Title any movie Mountain and you’re courting suspicions of lofty allegorical import from the jump. Indeed, much of the experience of watching Yaelle Kayam’s debut feature consists of asking whether the psychodrama lives up to its parable-like vagueness. The film’s heroine, Tzvia (Shani Klein), lives with her withdrawn Yeshiva teacher husband, Reuven (Avshalom Pollak), and their children within a cave-like dwelling in Jerusalem’s sloping Mount of Olives, dotted above by approximately 70,000 tombs. The conflict within Klein’s character is introduced early in the film, when she casually describes her home as a “petting zoo” to a group of Orthodox women passing by—one of many self-conscious moments that doesn’t land as intended.
It’s no stretch to call this a film about frustrated expectations, sexual or otherwise. Reuven is losing interest in his wife, but the sparse dialogue leaves their history together a void—counterbalanced by lively family scenes and sweeps of ambient texture whenever Tzvia leaves the confines of their home. People from the world outside the Mount—mostly tourists, and a good-natured Palestinian groundskeeper, Abed (Haitham Ibrahem Omari)—are kept at a cautious distance, until Tzvia witnesses a clique of sex workers and johns doing their after-hours business among the tombstones. The encounter sparks an inexplicable curiosity within her, and soon she’s attempting a rapprochement with the ostensible lowlifes turning tricks feet from her home.
Based on what came beforehand, one has to ask if Tzvia’s glimpses of the lurid, debased outside world are liberating unto themselves, or if the woman’s curiosity is a warped symptom of loneliness in an increasingly loveless marriage. She tries to have a cigarette with one of the prostitutes, only for the younger woman to harangue her worse than she could possibly have imagined. It’s a confirmation of sorts, a trial by fire that allows the wife to keep coming back, buckets of home-cooked food in tow, seeking a kind of mute companionship with the underclass. (The film does little to challenge the notion that these people are lowlifes, but this isn’t their story.)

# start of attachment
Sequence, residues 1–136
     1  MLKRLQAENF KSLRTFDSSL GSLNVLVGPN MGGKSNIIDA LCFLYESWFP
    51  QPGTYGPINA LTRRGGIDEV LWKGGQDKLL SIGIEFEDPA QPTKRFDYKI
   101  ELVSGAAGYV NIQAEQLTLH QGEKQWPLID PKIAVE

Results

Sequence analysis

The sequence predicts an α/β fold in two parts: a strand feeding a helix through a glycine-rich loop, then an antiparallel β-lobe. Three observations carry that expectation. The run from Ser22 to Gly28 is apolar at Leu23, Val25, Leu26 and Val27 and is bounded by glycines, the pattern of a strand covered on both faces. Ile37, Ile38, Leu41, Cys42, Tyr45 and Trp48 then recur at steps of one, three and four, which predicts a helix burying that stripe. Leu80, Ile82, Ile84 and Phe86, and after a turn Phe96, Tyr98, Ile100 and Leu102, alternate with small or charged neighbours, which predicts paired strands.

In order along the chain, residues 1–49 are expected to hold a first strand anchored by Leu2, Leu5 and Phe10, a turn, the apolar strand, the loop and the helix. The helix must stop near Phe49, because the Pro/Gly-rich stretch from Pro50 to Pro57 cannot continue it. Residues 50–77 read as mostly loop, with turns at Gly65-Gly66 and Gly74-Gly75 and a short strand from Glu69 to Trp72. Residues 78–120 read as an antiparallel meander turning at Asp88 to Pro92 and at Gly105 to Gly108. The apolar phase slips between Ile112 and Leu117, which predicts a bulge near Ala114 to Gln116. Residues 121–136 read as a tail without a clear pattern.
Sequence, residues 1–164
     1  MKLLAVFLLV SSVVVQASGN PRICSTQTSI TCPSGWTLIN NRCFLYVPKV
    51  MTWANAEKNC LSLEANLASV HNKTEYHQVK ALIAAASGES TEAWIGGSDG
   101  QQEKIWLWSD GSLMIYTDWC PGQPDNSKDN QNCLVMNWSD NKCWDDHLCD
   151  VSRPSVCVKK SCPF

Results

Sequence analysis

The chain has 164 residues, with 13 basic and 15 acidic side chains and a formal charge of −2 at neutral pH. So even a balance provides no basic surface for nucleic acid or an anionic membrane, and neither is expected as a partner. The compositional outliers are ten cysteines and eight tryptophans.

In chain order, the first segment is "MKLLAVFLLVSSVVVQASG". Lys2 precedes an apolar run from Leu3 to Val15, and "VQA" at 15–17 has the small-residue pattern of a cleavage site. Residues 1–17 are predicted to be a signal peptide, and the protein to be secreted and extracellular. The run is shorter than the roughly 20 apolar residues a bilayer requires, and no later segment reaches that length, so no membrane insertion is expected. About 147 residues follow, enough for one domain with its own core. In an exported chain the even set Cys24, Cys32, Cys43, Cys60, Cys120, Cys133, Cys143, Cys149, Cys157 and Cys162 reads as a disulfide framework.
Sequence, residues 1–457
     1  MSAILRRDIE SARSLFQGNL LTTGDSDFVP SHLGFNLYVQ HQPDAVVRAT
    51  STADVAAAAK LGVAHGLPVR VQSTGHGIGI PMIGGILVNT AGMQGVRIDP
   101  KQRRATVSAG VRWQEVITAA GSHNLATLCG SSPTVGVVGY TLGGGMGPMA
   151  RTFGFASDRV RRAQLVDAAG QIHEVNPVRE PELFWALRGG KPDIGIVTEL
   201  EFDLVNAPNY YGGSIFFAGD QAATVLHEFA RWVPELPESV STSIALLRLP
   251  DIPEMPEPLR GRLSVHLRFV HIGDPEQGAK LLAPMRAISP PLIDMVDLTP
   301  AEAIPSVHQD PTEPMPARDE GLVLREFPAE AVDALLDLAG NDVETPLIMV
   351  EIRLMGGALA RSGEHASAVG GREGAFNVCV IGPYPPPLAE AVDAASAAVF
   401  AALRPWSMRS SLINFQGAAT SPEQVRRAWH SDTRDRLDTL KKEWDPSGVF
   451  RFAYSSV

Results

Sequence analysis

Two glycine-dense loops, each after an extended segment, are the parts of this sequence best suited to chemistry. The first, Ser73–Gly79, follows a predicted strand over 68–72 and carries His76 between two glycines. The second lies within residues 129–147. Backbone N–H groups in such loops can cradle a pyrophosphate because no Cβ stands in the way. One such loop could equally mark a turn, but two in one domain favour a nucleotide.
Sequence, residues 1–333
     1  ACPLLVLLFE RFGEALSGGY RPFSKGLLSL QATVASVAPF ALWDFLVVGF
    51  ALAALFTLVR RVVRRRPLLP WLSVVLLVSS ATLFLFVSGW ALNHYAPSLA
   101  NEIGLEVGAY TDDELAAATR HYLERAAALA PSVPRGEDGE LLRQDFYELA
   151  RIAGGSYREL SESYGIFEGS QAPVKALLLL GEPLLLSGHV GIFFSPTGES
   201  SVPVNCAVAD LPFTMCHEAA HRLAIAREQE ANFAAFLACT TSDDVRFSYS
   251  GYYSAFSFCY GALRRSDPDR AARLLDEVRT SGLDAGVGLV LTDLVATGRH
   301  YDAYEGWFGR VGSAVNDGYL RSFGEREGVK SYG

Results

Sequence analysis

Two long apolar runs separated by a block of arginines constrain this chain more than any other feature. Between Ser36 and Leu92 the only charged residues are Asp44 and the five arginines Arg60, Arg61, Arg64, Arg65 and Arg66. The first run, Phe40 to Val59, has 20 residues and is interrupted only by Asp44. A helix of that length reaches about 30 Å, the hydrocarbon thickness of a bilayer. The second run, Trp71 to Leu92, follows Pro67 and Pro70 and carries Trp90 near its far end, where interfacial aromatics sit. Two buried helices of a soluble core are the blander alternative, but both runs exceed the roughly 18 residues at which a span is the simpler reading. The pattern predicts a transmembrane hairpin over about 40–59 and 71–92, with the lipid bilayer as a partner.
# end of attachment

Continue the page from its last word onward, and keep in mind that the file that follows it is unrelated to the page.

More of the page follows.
Despite the film’s obvious thematic meditation on the sacred versus the profane, Kayam hasn’t made a kitchen-sink polemic. If underwhelming, Tzvia’s life has pleasures and monotonies all its own; her four young children make for the culture of a small colony unto itself, and one of the more incisive family details arrives when Tzvia has to tell her husband that their oldest daughter is merely pretending to be obedient when he’s around, because he’s not around often enough. Praise is merited, too, by the film’s clarity of choreography, willingness to surprise in small increments, and frankness about its protagonist’s un-Hollywood body.
Even so, only a viewer’s patience will dictate how much of this feels like never-ending setup. The issues facing Tzivia are vague enough to be explored in any number of milieus, but looking to this film as a fable about Orthodox Judaism specifically tends to yield diminishing returns. The film is withholding to the point that viewers will inevitably anticipate evidence of bigger connecting concepts, but it refuses to satisfy this expectation. It’s far more frustrating as a narrative with demands to be made of its characters’ decisions than as a landscape portrait, using its camera to pick out incisive glimpses at a sparse, beautiful, and symbolically spring-loaded environment.